Investigation of molecular motions and interprotein interactions in solutions by NMR and TDDS.
Non-selective NMR relaxation of protein and water protons at various resonance frequencies as well as Time Domain Dielectric Spectroscopy (TDDS) were applied to study the molecular motions in lysozyme and myoglobin solutions. It was found that the correlation function of the protein motion defined by means of all these methods can be presented as a sum of three components having substantially different correlation times. Both NMR and TDDS experimental data were treated on the basis of approach according to which these components of the correlation function correspond to three different kinds of protein motion, namely 1) internal local motion, 2) anisotropic rotational Brownian diffusion and 3) translational Brownian diffusion. According to the hypothesis proposed earlier we suppose that the reason of anisotropy of protein rotation and possibility to detect experimentally the slowest motion (translational diffusion) is the mutual interprotein electrostatic steering. The qualitative consistency between parameters of correlation function obtained from NMR and TDDS and their concentration dependence confirm the validity of the qualitative model of the interprotein electrostatic interactions.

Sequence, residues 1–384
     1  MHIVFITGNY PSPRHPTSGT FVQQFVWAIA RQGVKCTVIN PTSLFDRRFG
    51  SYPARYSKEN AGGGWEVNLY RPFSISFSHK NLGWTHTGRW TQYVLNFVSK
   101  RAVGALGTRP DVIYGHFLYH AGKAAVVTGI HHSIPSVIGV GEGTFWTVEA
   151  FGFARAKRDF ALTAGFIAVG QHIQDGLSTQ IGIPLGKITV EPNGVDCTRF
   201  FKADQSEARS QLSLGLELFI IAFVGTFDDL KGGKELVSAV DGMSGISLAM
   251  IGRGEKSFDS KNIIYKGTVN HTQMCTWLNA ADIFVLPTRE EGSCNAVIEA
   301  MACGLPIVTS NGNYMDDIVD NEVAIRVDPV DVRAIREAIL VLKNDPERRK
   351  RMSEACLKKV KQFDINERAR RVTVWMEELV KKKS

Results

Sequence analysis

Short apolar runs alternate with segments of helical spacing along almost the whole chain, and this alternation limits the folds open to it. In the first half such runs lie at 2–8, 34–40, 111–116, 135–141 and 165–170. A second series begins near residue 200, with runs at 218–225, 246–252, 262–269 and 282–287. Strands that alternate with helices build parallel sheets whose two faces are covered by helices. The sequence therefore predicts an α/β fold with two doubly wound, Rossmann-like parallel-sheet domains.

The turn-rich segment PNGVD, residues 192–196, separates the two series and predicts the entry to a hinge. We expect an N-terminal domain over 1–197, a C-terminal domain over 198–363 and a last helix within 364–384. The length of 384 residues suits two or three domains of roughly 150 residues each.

Citation : Ermolina, I. et al. (1993) Investigation of molecular motions and interprotein interactions in solutions by NMR and TDDS. Applied Magnetic Resonance, 5 (2), pp. 229-248
Research Institute : Leicester Institute for Pharmaceutical Innovation - From Molecules to Practice (LIPI)
Peer Reviewed : Yes
- Leicester School of Pharmacy